bunkart2 tirana albania

Bunkart 2 is a museum showing the cruelty of the Albanian police state from 1945 to 1991. The museum is located in a nuclear bunker in the centre of Albania’s capital, Tirana. 

The 1,000 sq metre Bunker, with walls 2.4 m thick, was built between 1981-86 as a hideout for elite police and the Albanian Ministry of the Interior. 

From 1967 until his death in 1985, paranoid dictator Enver Hoxha ordered the construction of something between 178,000 and almost 700 000 bunkers for fear of attacks from the United States or/and the Soviet Union. It was Enver Hoxha who isolated Albania from the rest of the world. If you want to learn more fact about Albania read our other article.

Bunkart exhibition

The Museum of 24 rooms describes the history of Albania’s secret police from 1912 to 1991. The first four rooms lead up to the Second World War, and the remainder show the career of the state security Police Sigurimi from 1945-1991 and their ways of control and power in line with the expectation of the dictator. 

In these rooms, we learnt the sad story of the 989 killed trying to leave Albania, the 6,027 executed with or without process as enemies of the state, and the 34,000 imprisoned or sent to camps. All this because of the paranoia of one man. All documented and illustrated. 

It was an uncomfortable time we spent in the museum, reminiscent of Orwell’s 1984. As we walked the underground corridors we saw photos, and movies and read the stories of people maimed and tortured by their own “brothers” or killed on the border by trained dogs. At times I hurried the girls through some of the rooms, not wanting them to learn too much.  After reading about the tortures, I was physically sick.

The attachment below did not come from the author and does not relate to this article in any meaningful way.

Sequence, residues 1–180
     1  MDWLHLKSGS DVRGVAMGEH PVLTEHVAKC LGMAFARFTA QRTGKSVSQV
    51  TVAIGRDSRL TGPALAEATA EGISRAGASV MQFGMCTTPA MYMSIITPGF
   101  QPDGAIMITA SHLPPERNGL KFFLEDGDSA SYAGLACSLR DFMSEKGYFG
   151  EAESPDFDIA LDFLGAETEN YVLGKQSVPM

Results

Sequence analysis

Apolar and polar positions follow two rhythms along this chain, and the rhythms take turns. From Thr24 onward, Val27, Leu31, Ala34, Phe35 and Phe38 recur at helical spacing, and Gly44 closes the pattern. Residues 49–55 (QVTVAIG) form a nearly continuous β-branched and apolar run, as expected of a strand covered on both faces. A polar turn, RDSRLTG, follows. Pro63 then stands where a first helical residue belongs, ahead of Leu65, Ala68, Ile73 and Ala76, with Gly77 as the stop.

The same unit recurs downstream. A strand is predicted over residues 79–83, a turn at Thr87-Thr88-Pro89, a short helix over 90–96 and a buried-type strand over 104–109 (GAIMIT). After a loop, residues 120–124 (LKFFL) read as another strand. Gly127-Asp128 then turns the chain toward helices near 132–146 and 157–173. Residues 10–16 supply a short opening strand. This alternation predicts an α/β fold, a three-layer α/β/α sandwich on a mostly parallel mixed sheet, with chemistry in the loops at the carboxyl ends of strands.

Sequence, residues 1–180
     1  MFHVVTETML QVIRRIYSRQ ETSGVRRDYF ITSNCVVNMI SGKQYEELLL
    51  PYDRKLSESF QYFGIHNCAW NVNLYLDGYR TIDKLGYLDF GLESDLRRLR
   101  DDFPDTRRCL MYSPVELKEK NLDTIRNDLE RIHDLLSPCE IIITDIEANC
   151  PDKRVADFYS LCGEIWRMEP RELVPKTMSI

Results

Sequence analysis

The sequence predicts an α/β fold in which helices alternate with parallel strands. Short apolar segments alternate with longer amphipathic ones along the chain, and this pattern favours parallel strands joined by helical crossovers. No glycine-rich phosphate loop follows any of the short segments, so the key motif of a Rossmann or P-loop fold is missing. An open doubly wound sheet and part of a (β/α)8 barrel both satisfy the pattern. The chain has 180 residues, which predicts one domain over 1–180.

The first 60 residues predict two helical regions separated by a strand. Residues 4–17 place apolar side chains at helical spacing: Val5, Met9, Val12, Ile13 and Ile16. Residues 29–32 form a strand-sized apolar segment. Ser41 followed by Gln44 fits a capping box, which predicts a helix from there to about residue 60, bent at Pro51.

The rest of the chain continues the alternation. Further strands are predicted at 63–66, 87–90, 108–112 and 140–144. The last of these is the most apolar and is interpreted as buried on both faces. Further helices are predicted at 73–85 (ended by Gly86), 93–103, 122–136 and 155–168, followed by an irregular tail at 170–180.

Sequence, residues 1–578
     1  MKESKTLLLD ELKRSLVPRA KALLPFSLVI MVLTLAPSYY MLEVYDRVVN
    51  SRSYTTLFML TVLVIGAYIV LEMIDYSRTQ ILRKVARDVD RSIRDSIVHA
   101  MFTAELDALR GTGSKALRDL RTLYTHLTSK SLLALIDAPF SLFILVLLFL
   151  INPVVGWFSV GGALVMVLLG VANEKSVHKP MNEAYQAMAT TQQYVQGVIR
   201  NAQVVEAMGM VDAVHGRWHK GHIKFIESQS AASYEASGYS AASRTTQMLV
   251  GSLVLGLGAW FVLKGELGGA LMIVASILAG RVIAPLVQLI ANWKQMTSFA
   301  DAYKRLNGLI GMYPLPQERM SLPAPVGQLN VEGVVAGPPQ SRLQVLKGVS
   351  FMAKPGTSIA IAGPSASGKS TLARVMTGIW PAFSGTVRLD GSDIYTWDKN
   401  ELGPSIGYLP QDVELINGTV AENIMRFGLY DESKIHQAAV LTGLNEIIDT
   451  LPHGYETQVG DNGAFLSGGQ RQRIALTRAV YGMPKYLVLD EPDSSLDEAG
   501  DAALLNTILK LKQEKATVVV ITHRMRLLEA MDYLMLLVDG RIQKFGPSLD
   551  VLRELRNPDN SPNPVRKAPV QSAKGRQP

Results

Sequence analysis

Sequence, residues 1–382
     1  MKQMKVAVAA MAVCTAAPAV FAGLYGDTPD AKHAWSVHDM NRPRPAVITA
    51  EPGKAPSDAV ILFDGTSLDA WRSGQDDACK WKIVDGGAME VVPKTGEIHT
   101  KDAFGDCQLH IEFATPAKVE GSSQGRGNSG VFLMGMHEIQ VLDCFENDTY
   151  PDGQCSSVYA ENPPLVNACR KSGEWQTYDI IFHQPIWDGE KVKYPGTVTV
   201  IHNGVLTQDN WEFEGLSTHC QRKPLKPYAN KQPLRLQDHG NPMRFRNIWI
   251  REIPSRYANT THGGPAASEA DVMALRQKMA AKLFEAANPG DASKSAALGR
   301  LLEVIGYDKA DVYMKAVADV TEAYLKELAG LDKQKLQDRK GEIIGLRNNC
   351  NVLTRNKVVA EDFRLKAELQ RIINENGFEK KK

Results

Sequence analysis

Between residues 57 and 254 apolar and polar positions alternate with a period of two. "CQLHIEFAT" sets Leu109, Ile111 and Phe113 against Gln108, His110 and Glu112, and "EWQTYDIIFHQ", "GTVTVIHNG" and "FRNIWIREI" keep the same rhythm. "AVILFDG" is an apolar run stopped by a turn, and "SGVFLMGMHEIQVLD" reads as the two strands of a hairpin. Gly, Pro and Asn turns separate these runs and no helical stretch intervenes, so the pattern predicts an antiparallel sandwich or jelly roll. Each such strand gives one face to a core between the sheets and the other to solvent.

The kids did enjoy reading and learning about spying equipment, though it took some explaining why a neighbour would spy on a neighbour. 

While the museum was being constructed, the domed entrance was damaged by groups who saw it as a “glorification” of the dictatorship.  The damage left a big hole in the dome. Our take away was the very opposite of glorification, however even the protestor’s damage has been kept to complete the sad history of bad communication and much worse. 

I was very upset by this museum, but I’m glad we visited it, as I think it helped me understand Albania and the Albanians, who are the most friendly and helpful people. 

The strange thing for me was that it was the most expensive museum we visited in Albania and the only one that charges an entry fee for children. This museum should be free to teach history, so it will never repeat. 

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